Objective To assess the effects of Bifidobacterium longum subsp. infantis EVC001 (B infantis EVC001) administrationon the incidence of necrotizing enterocolitis (NEC) in
preterm infants in a single level IV neonatal intensive care unit (NICU).
Study design Nonconcurrent retrospective analysis of 2 cohorts of very low birth weight (VLBW) infants not exposed and exposed to B infantis EVC001 probiotic at Oregon Health
& Science University from 2014 to 2020. Outcomes included NEC incidence and NECassociated mortality, including subgroup analysis of extremely low birth weight (ELBW)
infants. Log-binomial regression models were used to compare the incidence and risk of NECassociated outcomes between the unexposed and exposed cohorts.
Results The cumulative incidence of NEC diagnoses decreased from 11.0% (n = 301) in the no EVC001 (unexposed) cohort to 2.7% (n = 182) in the EVC001 (exposed) cohort (P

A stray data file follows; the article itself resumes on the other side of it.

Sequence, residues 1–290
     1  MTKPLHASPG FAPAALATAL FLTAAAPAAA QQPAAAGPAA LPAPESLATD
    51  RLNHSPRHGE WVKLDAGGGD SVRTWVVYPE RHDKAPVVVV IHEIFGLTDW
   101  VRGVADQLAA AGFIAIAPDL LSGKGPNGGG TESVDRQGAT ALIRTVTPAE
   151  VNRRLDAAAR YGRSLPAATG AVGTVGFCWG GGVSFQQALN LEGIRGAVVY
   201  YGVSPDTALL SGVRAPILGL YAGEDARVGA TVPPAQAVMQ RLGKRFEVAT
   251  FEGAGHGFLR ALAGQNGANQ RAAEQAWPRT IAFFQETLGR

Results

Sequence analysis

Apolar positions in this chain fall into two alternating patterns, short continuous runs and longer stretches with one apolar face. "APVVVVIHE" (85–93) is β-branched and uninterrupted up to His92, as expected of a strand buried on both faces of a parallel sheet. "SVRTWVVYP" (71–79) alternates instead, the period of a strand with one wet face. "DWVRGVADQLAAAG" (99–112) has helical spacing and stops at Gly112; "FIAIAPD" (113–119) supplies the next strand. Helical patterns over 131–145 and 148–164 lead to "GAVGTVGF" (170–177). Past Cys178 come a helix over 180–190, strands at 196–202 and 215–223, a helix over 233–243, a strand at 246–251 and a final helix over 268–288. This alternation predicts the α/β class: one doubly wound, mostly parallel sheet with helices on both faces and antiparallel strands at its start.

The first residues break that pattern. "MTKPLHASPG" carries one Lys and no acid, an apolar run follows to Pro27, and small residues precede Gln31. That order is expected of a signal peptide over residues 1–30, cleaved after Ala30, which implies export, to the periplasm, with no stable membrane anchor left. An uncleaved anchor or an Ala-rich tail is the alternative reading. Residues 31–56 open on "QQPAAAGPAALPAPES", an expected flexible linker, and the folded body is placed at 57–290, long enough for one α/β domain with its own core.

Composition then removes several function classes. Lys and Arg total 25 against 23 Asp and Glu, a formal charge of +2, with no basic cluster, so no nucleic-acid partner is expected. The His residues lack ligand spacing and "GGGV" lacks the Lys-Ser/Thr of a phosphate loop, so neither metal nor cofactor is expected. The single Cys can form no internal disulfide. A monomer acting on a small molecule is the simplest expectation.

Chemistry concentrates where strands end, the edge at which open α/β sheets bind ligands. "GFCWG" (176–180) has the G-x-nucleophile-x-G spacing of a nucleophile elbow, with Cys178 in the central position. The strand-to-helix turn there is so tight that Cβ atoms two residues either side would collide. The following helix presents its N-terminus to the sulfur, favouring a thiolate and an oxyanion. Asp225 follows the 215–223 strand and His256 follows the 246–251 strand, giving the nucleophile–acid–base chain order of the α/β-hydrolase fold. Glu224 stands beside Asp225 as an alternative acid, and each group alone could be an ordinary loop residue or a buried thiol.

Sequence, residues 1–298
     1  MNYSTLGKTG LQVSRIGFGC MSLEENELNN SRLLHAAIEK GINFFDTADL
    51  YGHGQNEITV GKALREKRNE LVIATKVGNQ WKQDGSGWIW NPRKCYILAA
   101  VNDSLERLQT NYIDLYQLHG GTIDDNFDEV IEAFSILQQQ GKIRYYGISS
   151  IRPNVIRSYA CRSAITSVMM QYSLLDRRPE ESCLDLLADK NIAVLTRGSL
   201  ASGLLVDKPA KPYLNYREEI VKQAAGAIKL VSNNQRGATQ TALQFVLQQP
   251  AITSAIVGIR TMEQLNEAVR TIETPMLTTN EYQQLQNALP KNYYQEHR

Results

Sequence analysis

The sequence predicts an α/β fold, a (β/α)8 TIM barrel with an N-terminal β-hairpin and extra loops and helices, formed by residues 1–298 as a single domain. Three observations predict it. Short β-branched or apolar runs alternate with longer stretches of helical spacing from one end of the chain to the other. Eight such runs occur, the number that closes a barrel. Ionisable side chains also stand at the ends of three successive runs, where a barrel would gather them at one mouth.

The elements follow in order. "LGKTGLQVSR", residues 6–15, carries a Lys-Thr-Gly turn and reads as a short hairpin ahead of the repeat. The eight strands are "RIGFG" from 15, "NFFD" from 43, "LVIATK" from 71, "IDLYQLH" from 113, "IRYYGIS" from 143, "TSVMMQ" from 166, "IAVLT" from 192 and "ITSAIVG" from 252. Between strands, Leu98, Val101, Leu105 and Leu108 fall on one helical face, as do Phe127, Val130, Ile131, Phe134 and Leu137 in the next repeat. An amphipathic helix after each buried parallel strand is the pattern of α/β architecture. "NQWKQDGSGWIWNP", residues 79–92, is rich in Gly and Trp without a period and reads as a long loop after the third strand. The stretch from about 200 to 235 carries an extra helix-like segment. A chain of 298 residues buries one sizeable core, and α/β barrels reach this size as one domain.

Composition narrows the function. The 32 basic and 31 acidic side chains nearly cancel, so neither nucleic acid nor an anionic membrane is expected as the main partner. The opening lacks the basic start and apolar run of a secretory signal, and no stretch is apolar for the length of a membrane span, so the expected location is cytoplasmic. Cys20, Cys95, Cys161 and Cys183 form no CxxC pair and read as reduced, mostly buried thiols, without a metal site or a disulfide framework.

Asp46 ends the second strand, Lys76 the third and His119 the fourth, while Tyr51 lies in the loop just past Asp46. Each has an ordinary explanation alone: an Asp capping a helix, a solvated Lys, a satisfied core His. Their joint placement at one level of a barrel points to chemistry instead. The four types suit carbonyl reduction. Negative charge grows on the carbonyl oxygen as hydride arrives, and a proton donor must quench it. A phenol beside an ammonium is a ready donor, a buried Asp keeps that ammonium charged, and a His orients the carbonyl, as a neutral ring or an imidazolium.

< .01). The EVC001 cohort had a 73% risk reduction of NEC compared with the no EVC001 cohort (adjusted risk ratio, 0.27; 95% CI, 0.094-0.614; P < .01) resulting in
an adjusted number needed to treat of 13 (95% CI, 10.0-23.5) for B infantis EVC001. NEC-associated mortality decreased from 2.7% in the no EVC001 cohort to 0% in the
EVC001 cohort (P = .03). There were similar reductions in NEC incidence and risk for ELBWinfants (19.2% vs 5.3% [P < .01]; adjusted risk ratio, 0.28; 95% CI, 0.085-0.698
[P = .02]) and mortality (5.6% vs 0%; P < .05) in the 2 cohorts.
Conclusions In this observational study of 483 VLBW infants, B infantis EVC001 administration was associated with significant reductions in the risk of NEC and NECrelated mortality. B infantis EVC001 supplementation may be considered safe and
effective for reducing morbidity and mortality in the NICU.